A woman walks into her house to find her husband tied to a chair in their As Heather Vanderwaal enters her dark apartment, there is a strange flash of light. Her argument with her ex-husband over her cell phone distracts her and she calls out to her husband, Ben, before hanging up abruptly. She calls out again, and notices the flash of light coming from behind the partially closed bedroom door. She walks down the hallway and pushes the door open. Ben is slumped in a chair facing the door, blood trailing down from a hole in the side of his neck. A bright flash of light surprises Heather and she flinches, and a man grabs her roughly and smashes her face into the wall. When she regains consciousness, Heather hears a strange raspy sound. She blinks her eyes open to see someone working over her husband's body. The man is using a saw, sawing off her husband's hand. He places the hand in a plastic bag and walks towards her.
Jack Hotchner loves the swings. He's watching his feet as they go down and up, down and up, down to the grass, up to blot out the bright sun. Two agents watch him, making sure that Jack is safe, and the small surveillance camera attached to their car's visor shows the happy little boy at play.
Back in Analyst Penelope Garcia's office, the image is clear - Jack playing on the swings. She can't zoom in any further on Unit Chief Aaron Hotchner's young son or the image will distort. He asks US Marshal Sam Kassmeyer how his son is, and the Marshal smiles, explaining how smart and wonderful Jack is. His smile fades as he explains that they will be moving Jack and Haley to a halfway house as Haley made some calls to her mother from their last location. They can't be too careful with Hotchner's family's safety. Hotchner thanks the Marshal, and Kassmeyer promises that no harm will come to Hotchner's family. "You just concentrate on getting Foyet," he states. Hotchner turns back to the video feed and watches pensively as his son walks towards the car, smiling. "Happy birthday, buddy," he whispers.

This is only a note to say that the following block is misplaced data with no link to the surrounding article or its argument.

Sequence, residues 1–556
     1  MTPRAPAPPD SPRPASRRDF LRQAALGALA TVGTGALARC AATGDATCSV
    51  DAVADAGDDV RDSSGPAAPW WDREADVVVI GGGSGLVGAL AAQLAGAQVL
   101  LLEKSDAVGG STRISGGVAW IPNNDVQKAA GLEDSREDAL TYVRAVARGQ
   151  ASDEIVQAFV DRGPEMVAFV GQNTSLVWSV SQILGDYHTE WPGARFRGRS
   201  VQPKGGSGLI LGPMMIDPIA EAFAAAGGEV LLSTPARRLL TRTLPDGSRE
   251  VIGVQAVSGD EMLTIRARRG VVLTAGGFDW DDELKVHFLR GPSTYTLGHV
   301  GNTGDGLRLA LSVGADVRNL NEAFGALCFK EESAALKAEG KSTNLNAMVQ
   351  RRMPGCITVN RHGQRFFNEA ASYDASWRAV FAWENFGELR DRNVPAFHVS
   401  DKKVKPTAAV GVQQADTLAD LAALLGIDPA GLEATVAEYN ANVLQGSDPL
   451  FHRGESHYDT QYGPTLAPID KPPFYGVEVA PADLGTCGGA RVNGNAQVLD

Later, Hotchner is watching the rain run down his office windows when SSA David Rossi comes in. Rossi wants to talk with Hotchner about their new case located in Commack, Long Island, Rossi's hometown. Rossi would like to sit this case out - he left Long Island 30 years ago and is in no hurry to go back. Hotchner would love to help him, but he's just found out some news about one of his agents, and he's going to need Rossi to travel with the team. He hands a file to Rossi to explain himself.
In the conference room, JJ explains the case. Ben Vanderwaal was killed in Commack last night, shot once in the heart and once in the head, beneath the ear, with a .22 caliber. They found trace evidence that his wife, Heather, was also injured, but she is missing. The MO matches two previous killings - Rita Hazlet went missing from her home in New Jersey eight months ago and then was found four weeks later emaciated and dead in a trash bin. She had been restrained, and shot. The third victim, Bill Levington, was also shot, but his genitals were removed post-mortem. All three victims were mutilated after a fashion, they must figure out the significance of this signature. As Hotchner rises, advising the team they will be leaving in twenty minutes, he tosses the file folder he'd shown Rossi at SSA Dr. Spencer Reid. The doctors never cleared the young agent for travel since his injury. Reid argues, saying he'd cleared himself, but Garcia, standing in the doorway tells him, "You're my bitch, now." Morgan laughs.